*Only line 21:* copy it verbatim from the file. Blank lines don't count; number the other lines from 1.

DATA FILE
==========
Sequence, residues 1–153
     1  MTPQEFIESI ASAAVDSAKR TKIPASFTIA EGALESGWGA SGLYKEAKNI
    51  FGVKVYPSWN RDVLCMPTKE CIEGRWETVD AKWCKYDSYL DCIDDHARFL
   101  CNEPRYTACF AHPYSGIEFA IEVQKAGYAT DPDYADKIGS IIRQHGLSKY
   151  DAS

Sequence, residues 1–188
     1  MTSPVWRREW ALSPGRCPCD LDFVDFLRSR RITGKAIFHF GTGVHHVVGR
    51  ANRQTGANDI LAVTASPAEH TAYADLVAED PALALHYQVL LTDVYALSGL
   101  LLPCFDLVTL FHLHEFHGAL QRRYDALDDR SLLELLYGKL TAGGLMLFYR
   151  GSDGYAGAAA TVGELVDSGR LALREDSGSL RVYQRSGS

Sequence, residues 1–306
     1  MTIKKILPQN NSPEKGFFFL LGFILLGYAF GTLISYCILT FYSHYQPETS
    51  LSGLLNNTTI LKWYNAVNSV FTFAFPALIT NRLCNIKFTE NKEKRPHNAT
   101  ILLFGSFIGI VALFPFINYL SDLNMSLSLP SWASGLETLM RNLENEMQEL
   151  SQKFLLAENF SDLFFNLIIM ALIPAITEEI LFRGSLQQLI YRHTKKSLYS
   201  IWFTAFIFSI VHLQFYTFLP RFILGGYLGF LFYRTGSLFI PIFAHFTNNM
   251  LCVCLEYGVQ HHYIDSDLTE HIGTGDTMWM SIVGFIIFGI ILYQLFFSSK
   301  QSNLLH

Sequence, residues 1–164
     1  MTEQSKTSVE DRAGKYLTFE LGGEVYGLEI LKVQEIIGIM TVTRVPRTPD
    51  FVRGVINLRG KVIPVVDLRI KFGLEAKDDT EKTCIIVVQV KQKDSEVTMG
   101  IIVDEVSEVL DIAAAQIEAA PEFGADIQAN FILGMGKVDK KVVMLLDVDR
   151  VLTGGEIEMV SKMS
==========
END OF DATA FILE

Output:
    51  FVRGVINLRG KVIPVVDLRI KFGLEAKDDT EKTCIIVVQV KQKDSEVTMG